Most start-up founders have to tackle many roles in the business. But as your team grows, the need for dedicated HR expertise can quickly creep up on you. So, what are the signs that you need HR help? Rachel Miller finds out
The list of tasks that an HR manager can take off your hands is surprisingly long. From hiring and firing to grievances and appraisals, an HR manager can free up your time and allow you to concentrate on what you do best. HR is not just about employment law and admin - an effective HR person will contribute to the bottom line by managing employee development, boosting morale and raising productivity.
However, many business owners continue to struggle with HR-related responsibilities until the cracks start to show. Outsourcing can be the most effective and affordable way to bring in the necessary HR expertise. But what are the signs you need help?
1. Your business is suffering from growing pains
Hiring staff is a time-consuming process and managing more employees creates its own set of demands on your time. As your tight-knit team expands, issues around performance, productivity and morale can emerge. This is the point at which you need to take a more formal approach to people management. An HR manager can help you deal with these growing pains by taking charge of hiring and staff development. Regular evaluations will help employees understand what's expected of them and where the business is going.
2. You've hired the wrong person
Your latest recruit has not lived up to their promise; perhaps they haven't been completely honest about their credentials or maybe there’s a personality clash within the team. Recruitment is not an exact science but there are many ways to ensure you don't hire in haste and regret it later. An HR professional can help you write an accurate job description, target the best candidates, conduct effective interviews, check qualifications, follow up references and manage onboarding. You make the final hiring decisions, but you'll be guided by an HR expert.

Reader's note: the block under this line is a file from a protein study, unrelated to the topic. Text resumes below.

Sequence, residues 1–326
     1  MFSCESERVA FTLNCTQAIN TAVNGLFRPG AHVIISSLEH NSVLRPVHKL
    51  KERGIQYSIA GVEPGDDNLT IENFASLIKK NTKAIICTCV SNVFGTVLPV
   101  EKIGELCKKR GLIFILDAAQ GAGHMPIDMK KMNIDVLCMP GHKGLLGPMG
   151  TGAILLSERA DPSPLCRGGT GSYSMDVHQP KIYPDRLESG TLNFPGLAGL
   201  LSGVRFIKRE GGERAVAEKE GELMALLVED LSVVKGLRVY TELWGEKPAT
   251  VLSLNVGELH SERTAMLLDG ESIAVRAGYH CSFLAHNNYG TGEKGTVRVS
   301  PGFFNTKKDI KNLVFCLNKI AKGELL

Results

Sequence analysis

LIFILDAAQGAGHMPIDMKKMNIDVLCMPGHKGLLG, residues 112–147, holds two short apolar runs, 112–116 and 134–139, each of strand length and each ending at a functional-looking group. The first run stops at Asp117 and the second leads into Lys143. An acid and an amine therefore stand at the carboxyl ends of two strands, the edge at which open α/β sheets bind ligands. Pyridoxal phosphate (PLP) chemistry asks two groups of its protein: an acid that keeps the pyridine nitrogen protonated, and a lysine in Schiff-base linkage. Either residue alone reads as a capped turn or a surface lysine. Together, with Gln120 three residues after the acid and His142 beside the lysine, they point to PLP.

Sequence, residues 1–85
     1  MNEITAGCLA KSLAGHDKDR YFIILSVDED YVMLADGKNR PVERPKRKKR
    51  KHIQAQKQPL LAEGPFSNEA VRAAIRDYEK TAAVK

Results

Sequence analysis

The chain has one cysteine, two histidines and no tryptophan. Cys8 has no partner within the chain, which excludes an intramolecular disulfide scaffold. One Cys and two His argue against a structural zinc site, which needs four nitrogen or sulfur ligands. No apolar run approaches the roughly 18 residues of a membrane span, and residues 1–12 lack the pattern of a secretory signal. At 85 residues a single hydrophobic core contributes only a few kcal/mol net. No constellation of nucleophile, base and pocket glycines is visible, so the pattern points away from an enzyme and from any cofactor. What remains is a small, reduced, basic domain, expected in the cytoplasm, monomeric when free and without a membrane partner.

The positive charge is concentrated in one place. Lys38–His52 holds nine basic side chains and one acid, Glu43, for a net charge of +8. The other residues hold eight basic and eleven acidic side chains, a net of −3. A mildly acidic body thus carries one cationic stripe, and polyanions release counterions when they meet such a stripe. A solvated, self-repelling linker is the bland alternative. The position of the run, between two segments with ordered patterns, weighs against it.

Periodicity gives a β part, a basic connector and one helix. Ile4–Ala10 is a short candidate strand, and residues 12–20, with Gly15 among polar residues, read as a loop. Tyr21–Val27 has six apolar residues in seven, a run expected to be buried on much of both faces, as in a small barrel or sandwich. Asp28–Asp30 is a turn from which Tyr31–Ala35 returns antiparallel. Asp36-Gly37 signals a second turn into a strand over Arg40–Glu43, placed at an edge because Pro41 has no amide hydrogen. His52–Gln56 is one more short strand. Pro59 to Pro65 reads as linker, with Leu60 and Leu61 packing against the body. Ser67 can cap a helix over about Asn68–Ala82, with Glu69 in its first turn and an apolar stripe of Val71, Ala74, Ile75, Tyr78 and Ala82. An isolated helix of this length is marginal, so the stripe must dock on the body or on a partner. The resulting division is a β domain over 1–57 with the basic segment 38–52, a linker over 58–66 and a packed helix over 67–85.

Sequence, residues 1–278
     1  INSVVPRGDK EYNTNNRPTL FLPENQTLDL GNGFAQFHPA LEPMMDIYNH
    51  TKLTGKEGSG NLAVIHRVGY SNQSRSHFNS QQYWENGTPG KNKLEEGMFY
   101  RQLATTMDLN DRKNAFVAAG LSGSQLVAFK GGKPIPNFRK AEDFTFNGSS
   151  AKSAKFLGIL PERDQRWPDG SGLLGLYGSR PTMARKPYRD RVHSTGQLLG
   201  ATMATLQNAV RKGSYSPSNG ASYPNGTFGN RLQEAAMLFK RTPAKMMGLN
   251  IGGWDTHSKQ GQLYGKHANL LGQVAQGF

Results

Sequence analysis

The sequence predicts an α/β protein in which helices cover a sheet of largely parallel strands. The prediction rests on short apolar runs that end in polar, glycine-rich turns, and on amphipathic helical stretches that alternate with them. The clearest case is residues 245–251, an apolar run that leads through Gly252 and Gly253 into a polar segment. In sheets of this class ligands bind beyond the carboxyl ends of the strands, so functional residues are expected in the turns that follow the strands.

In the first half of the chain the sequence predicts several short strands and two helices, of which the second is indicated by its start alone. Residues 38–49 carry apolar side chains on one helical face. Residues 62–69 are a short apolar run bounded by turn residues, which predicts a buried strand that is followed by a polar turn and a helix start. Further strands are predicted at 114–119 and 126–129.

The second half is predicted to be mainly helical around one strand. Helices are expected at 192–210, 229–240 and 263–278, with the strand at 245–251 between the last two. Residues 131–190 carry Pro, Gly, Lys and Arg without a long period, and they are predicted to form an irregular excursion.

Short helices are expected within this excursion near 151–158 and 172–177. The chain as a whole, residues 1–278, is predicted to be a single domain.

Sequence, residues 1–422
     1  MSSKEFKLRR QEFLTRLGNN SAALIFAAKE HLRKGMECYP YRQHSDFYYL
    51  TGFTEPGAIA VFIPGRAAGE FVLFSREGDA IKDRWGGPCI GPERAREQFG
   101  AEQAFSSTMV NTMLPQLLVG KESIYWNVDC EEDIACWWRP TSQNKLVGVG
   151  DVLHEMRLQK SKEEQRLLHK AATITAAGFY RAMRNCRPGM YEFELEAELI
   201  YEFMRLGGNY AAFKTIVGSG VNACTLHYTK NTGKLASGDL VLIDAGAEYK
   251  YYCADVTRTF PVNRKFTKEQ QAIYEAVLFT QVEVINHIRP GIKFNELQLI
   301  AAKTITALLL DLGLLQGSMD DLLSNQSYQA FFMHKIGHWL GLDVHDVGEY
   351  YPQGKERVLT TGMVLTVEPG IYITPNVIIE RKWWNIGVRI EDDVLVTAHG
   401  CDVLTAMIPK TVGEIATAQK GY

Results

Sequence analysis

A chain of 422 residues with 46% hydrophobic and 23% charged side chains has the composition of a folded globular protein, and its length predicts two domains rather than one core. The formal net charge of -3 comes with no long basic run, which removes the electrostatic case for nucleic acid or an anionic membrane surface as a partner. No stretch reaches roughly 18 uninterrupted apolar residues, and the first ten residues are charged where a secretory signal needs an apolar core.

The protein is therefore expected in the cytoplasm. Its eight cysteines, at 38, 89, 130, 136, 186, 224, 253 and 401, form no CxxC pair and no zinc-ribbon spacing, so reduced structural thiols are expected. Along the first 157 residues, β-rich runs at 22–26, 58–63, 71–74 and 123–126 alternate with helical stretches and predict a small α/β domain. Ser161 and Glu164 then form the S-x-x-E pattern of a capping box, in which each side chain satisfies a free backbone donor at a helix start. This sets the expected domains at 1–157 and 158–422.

3. You're out of your depth on employment law
Sick pay, parental leave, flexible working rights, statutory holidays, workplace pensions, health and safety - the list of employment rights and regulations you need to know about can seem endless. If you haven't taken professional advice, do you even know if you're compliant? And if this isn't your area, it will be very time-consuming trying to get up to speed. This is where it makes financial sense for you to consult an expert, not least to avoid any legal liabilities.
4. An employee is not pulling their weight
Managing people is easy when everything's going smoothly. But when someone is not doing their job properly, it can affect the whole team. Managing people is a key skill that some business owners struggle with. If you're reluctant to tackle an employee about their performance, it's time to get expert help. An HR person can be a useful intermediary, setting boundaries and targets for the employee and conducting a disciplinary process should it become necessary.
5. You don't know how much to pay people
If you've been agreeing salaries on the hoof, you may find that you're paying one person more than another for doing a similar job. People talk, so if you want to avoid conflict it's time to review your payment structure. A dedicated HR manager can help you do this.
6. You're short on policies and paperwork
Offer letters, employment contracts, sickness policies and staff handbooks are all key documents that any business needs to have and to keep up to date. You'll also need systems in place to log attendance and holiday requests. This kind of paperwork is best handled by an HR professional that knows UK employment law.
7. There's a toxic atmosphere at work
Personality clashes and staff disputes come with the territory in business, even in relatively small teams. Business owners that ignore conflict will find that it only gets worse in the long term. An HR professional will be experienced at tackling sensitive issues and smoothing ruffled feathers. They will be able to support and guide employees to find a resolution that works for all. It's also worth remembering that your staff may be more comfortable coming to an HR manager with a problem rather than bothering you.
8. Your business is losing its mojo
Most start-up founders set out with a clear vision of how they want to do business, usually based on their personal values. Over time and as the business grows, however, that vision may no longer be understood or shared by your team of people. An HR expert can help preserve your workplace culture - by hiring for attitude, conducting staff inductions, creating an employment handbook and providing training.